LDWF Enforcement Division agents will be out in full force as always during the week to perform boating safety checks and driving or operating a vessel while intoxicated (DWI) patrols. Each vessel should have enough personal flotation devices (PFD) on board for all occupants and a sober operator.
"Personal flotation devices are made to be worn and not sit in a vessel storage compartment. Even if you consider yourself to be a strong swimmer, we (LDWF) still encourage everyone on a boat to wear a personal flotation device whenever the boat is in motion," said LDWF Boating Safety Officer Capt. Rachel Zechenelly. “A personal flotation device on a boat should be treated the same as a seatbelt in a car, because they are both easy to use and are proven to save lives."
LDWF boating incident statistics indicate that 15 out of the 25 boating fatalities in 2012 officially listed drowning as the cause of death. LDWF regulations state that anyone 16 years of age and younger must wear a PFD while underway in vessels less than 26 foot long. For more boating and PFD regulations, please visit www.wlf.louisiana.gov/boating.
Alcohol use is another leading cause of boating crash incidents and fatalities on the water. Alcohol consumption impairs a boater's judgment, balance, vision and reaction time. Alcohol also increases fatigue and susceptibility to hypothermia. Intensifying the effects of alcohol are sun, wind, noise, vibration and movement, which are all common to boating activities.
The penalties for DWI on the water are the same as on the road. Anyone cited for a DWI on the water or on the road will lose his or her driver's license and boating privileges for the specified time ordered by the judge in the case. Also, each offense of operating a vehicle or vessel while intoxicated counts toward the total number of DWI crimes whether they happened on the water or road.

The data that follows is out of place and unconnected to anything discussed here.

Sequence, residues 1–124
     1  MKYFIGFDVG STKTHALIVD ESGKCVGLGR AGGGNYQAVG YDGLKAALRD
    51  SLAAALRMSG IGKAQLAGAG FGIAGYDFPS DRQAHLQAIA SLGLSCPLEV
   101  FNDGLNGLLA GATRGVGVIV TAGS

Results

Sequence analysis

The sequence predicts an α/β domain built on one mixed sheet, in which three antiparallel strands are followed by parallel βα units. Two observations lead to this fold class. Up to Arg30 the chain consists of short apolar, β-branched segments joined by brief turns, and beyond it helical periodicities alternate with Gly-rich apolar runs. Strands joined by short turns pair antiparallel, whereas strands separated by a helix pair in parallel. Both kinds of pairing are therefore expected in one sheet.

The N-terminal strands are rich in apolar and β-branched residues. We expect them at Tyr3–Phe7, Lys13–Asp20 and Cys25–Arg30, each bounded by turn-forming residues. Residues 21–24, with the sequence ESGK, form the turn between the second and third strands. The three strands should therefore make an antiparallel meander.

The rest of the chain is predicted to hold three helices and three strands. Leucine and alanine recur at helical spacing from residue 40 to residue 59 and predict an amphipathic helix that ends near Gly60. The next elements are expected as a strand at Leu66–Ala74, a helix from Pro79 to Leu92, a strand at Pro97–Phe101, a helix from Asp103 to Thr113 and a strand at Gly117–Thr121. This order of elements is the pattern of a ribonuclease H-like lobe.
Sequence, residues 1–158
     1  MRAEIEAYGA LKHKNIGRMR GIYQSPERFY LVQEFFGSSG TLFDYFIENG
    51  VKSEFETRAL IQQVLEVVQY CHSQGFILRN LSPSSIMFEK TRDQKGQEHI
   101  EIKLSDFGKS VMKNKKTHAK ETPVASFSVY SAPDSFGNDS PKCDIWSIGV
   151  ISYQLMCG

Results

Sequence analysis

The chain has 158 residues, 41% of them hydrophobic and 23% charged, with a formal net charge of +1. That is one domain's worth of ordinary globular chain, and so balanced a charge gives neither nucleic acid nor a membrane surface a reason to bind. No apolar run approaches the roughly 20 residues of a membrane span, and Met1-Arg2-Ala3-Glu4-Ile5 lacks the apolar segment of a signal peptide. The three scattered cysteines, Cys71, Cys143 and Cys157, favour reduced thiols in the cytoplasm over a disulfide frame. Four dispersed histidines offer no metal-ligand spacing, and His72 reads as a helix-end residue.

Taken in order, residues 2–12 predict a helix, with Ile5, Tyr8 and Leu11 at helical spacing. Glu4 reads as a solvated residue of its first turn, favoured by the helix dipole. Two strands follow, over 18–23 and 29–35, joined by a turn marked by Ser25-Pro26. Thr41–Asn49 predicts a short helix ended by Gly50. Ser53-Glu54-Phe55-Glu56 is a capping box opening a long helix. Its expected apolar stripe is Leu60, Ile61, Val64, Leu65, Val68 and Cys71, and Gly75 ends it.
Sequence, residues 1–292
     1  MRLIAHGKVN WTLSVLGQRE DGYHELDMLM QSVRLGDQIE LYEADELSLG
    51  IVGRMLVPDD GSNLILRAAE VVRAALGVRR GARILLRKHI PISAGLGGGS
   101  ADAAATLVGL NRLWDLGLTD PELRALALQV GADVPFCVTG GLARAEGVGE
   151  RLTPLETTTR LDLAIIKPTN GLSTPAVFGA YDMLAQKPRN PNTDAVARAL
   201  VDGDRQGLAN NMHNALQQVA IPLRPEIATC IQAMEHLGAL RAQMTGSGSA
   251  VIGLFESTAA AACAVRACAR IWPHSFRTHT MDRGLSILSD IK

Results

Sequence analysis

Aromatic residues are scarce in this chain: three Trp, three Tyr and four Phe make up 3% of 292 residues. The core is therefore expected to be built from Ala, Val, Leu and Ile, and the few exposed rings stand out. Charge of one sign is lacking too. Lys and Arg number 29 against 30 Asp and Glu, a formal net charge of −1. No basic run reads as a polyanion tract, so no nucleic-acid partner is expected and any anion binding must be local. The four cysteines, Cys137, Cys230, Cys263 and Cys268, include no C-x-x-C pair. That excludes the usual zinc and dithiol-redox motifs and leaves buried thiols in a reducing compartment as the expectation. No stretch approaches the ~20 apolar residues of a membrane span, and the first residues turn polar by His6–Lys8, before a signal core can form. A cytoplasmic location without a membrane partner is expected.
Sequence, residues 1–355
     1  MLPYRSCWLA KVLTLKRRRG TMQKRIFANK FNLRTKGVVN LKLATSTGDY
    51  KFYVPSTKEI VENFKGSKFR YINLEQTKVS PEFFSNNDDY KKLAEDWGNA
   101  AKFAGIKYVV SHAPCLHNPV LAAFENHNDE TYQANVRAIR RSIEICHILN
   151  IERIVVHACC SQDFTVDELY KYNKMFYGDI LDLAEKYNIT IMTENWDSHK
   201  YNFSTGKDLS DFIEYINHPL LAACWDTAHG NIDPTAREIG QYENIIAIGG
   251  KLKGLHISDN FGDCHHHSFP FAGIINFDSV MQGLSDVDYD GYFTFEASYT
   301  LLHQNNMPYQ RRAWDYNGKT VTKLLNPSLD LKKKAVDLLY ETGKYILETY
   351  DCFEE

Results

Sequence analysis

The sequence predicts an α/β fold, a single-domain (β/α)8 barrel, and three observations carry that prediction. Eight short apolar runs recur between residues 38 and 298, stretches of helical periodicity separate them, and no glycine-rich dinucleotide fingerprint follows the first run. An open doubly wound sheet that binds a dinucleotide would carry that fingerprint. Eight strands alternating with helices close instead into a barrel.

In Louisiana a DWI can be issued to anyone operating a moving vessel or vehicle with a blood alcohol concentration of .08 or higher. First offense DWI on the water or on the road carries a $300 to $1,000 fine and up to six months in jail. Second offense DWI brings a $750 to $1,000 fine and between 30 days and six months in jail. Third offense DWI carries a $5,000 fine and between one and five years in jail. Again, every DWI offense is also subject to a suspension of driving a vehicle and operating a boat privileges.
"One of the best parts of our job is to see people utilize Louisiana's waterways for recreation in accordance to the boating safety regulations and return home safely to loved ones. However, the worst part of our job is to search for deceased bodies and notify family members of their loss," said LDWF Lt. Col. Jeff Mayne, the State Boating Law Administrator. "The two ways to make boating safe, fun and a memorable experience is to have a sober operator and to have everyone wear a personal flotation device when the vessel is underway."
LDWF also wants to remind anybody born after Jan. 1, 1984 that they are required to successfully complete a National Association of State Boating Law Administrators (NASBLA) boating education course to operate a motorboat over 10 horsepower. LDWF offers these classes free of charge statewide. For a list of courses, please visit www.wlf.louisiana.gov/boating/courses.